oDR: Opinion

Ukraine’s freedom: wider truths and avoiding war

Appeasement won’t work, as history shows. We must bind all parties into a symbiotic arrangement that perpetuates the conditions for peace

Ivan Hutnik
Ivan Hutnik
14 February 2022, 10.11am
A Ukrainian armed forces soldier walks near combat positions at the town of Avdiivka, Donetsk region
(c) REUTERS / Alamy Stock Photo. All rights reserved

I write this piece as someone who works in armed conflict transformation, and is committed to non-violent solutions to conflict. I also write it because I am saddened by how willing some British media commentators are to write off the independence of Ukraine, a major European country – as if this will somehow solve the problems that country, and the international community, faces.

The current situation is not the start of a war between Russia and Ukraine. The two countries have been at war since 2014, when Russia annexed Crimea and invaded Ukraine’s eastern Donbas region. There has been continued fighting on Ukraine’s eastern border since then.

The present worry is that the build-up of more than 100,000 Russian troops on Ukraine’s eastern border, combined with extensive Russian military exercises in Belarus on its northern border, as well as naval activity in the Black Sea to the south, herald the possibility of a full-scale invasion of Ukraine by Russia. There is no inevitability to this. Tensions have been very high in the past, including in March and April last year.

This matters to the UK. Lviv, the largest city in western Ukraine, is about the same distance from London as Naples. An invasion of Ukraine will impact everyone in Europe. Many are not aware of how Britain has become involved in the present conflict. This country has real responsibilities as a result of its previous commitments. This does not mean that Britain should assist armed conflict – and this is something I cannot subscribe to.

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But there are more successful paths to peace than capitulation to aggression. Other countries, such as Finland and Switzerland, have maintained independence even when faced with belligerent neighbours. My hope is that with a better understanding of the situation Ukraine faces, the UK could help Ukraine follow a similar course of action.

The failed policy of appeasement

It is sometimes said that war happens when diplomacy fails. The Second World War was not only the result of an aggressive power (in this case, Germany) making the first move to capture territory. It was also the result of the failure of other major powers to prevent war when they could still do so. In other words, inaction was a major cause of the war.

Neville Chamberlain, British prime minister from 1937 to 1940, is now remembered solely for his failed policy of appeasement. He proclaimed “peace in our time” in September 1938 after signing the Munich Agreement. This gave Germany permission to annex the Sudetenland (Czechoslovakian territory) under the false premise that because there were Germans living there, Germany had a claim to it (this draws remarkable parallels with what some media commentators are saying about today’s Ukraine). A case of imperialism doubled down if ever there was one.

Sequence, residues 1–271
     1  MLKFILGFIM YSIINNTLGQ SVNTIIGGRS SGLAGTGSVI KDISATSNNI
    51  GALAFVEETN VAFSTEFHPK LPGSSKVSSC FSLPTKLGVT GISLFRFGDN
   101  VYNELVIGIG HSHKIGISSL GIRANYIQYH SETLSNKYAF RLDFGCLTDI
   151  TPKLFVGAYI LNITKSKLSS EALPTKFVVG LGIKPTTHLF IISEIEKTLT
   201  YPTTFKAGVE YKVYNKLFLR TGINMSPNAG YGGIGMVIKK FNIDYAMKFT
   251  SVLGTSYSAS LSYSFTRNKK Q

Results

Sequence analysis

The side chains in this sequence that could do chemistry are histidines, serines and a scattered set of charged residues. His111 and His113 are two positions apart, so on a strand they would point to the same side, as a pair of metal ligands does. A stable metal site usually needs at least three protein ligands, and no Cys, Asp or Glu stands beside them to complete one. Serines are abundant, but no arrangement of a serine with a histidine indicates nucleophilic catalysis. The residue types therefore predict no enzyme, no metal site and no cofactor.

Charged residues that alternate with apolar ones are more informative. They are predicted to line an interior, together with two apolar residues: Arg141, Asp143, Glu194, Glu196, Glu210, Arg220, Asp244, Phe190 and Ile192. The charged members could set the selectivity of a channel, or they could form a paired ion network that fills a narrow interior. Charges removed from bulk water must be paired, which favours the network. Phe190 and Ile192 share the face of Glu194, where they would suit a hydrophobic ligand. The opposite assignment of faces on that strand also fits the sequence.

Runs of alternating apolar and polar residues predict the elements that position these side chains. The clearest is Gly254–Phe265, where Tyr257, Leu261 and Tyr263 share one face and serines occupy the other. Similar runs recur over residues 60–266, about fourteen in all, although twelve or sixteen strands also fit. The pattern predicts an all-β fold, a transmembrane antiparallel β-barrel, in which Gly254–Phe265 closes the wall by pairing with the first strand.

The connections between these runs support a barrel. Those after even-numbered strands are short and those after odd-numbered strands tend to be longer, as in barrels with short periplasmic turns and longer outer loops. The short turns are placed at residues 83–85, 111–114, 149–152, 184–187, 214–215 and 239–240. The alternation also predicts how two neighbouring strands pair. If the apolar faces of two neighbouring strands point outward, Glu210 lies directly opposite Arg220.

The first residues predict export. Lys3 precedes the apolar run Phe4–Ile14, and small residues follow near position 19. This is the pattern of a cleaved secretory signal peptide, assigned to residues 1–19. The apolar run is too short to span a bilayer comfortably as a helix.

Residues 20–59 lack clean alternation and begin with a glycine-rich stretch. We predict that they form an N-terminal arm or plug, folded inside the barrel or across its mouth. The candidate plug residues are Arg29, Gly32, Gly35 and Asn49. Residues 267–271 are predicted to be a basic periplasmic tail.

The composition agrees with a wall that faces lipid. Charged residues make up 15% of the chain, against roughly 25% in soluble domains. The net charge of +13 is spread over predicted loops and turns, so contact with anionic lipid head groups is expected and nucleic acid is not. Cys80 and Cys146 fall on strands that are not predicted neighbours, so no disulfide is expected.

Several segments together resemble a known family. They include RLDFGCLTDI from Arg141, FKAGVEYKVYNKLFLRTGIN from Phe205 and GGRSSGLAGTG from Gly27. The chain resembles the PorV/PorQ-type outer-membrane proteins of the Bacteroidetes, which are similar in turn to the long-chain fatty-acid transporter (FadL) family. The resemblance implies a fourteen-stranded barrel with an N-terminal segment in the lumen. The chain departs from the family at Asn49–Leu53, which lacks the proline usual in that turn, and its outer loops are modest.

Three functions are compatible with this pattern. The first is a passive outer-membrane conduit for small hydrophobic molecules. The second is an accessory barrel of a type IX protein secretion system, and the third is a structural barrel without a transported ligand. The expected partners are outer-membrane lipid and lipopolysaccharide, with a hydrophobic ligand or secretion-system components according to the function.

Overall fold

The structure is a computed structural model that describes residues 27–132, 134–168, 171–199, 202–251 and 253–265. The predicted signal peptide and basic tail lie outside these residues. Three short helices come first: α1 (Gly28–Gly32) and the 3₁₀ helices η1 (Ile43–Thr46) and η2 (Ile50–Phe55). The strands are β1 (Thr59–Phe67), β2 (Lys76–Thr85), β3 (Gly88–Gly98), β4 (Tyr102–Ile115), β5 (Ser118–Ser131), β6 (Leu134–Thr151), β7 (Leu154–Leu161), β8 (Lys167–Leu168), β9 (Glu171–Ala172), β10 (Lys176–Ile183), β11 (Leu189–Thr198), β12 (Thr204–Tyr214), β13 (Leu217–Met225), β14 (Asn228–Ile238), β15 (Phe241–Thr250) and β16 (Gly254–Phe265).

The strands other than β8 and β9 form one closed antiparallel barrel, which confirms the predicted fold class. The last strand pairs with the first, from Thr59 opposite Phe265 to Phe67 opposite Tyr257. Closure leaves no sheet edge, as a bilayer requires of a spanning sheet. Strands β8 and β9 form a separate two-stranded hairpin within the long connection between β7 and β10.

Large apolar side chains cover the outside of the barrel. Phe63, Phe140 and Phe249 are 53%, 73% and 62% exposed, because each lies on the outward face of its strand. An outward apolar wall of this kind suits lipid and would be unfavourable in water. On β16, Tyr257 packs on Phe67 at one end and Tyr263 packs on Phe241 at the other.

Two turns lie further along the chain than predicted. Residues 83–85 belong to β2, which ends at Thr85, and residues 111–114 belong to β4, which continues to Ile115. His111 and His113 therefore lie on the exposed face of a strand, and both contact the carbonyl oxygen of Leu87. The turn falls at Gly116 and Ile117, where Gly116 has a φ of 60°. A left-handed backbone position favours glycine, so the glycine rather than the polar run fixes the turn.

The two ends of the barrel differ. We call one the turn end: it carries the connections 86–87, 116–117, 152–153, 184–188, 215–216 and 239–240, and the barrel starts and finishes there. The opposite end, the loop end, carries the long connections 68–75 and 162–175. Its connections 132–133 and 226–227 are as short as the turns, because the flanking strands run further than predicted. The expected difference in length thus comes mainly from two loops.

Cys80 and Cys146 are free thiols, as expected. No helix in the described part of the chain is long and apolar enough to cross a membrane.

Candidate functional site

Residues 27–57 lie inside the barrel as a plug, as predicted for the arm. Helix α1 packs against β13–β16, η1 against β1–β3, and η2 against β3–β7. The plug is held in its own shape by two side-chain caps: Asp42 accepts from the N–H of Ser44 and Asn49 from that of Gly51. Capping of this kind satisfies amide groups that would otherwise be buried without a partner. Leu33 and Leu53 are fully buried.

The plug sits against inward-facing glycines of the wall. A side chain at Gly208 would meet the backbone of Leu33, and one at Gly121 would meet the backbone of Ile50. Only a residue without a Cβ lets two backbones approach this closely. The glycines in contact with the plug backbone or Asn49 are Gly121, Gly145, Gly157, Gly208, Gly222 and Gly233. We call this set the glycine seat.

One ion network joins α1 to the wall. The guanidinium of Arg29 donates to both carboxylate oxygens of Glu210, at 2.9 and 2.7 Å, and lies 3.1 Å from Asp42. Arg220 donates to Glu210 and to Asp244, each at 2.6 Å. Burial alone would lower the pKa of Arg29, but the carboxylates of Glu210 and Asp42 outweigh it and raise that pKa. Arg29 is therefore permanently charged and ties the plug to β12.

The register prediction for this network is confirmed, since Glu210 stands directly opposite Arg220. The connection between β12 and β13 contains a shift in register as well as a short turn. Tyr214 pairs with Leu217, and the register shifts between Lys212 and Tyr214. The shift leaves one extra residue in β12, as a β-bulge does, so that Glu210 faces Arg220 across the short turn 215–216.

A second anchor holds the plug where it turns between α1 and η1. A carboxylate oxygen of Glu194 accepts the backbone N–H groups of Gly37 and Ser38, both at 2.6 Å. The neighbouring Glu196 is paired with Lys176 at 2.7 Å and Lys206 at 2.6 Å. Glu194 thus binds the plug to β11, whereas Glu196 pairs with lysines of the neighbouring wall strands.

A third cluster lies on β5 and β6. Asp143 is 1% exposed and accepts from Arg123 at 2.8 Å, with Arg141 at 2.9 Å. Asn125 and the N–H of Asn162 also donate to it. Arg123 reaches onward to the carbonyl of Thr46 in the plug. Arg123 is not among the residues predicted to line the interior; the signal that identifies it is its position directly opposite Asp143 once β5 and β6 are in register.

Having occupied the Sudetenland in October 1938, Germany went on to invade and occupy the rest of Czechoslovakia in March 1939. The invasion of Poland in September then drew Britain and France into war with Germany.

Within a year of the Munich Agreement being signed, Britain was involved in a world war. It is important to remember that appeasement did not produce peace – and never could have.

Three notable silences

In the present context, it needs to be acknowledged that Russia has territorial ambitions not just in Ukraine but also in Georgia and Moldova. Like Britain and the US, Russia is also an active participant in several wars very far from its own borders. It sees itself as a major power, willing to work with China and to take on Europe and the States.

Russia’s very active belligerence is one reason there are clear and notable parallels between Ukraine’s current predicament and the situation in Czechoslovakia prior to the Second World War.

However, instead of emphasising these (they remain a matter of opinion and therefore provide grounds for potential hair-splitting), let’s focus on three notable silences in the British media

The Budapest Agreement

More properly known as the Budapest Memorandum on Security Assurances, this was an agreement drawn up in 1994 by Britain, Russia and the US to guarantee the borders of Ukraine, Belarus and Kazakhstan. China and France made similar assurances at the same time. The Budapest Agreement includes security assurances prohibiting threats or use of force against the territorial integrity or political independence of Ukraine, as enshrined in Article 2 of the UN Charter.

Twenty years later, in 2014, Russia annexed the whole of Crimea and invaded a large chunk of eastern Ukraine known as the Donbas, an area that includes the city of Donetsk as well as much heavy industry and extensive mineral resources. Ukraine’s lost territory is larger than the total land mass of Switzerland. According to the UN, the war resulted in the death of more than 14,000 people and two million internally displaced persons .

Nuclear disarmament nullified

Upon achieving independence from Russia in 1991, and bolstered by the security provided by the Budapest Agreement in 1994, Ukraine felt it safe to agree to dismantle the nuclear warheads on its soil. With 1,900 Soviet warheads, ten times the number then owned by Britain, Ukraine had the third-largest number of nuclear weapons in the world. This remains the only time when a state possessing large numbers of nuclear armaments has agreed to eliminate them. Doing so was a sign of hope for the world – or so many thought at the time. Sadly, the positive aspects of this lesson might already be lost.

Absent voices

The most troubling aspect, however, is that the voices of Ukrainians are strangely absent from current discussions about their country’s future. Diplomats and political leaders appear in danger of talking over the heads of Ukrainian people, while much commentary has ignored the likely consequences of proposals on the lives of ordinary Ukrainians.

Likewise, Ukraine’s right to self-determination, as protected in the UN Charter, is being strangely neglected. Is it too cynical to suggest that this reflects the realpolitik of ‘might is right’? A friend who has worked in conflict transformation all her life says that this is typical of the colonial mentality of world powers in situations of armed conflict. Conscious decolonisation of our ways of thinking and acting is a long way from becoming a reality.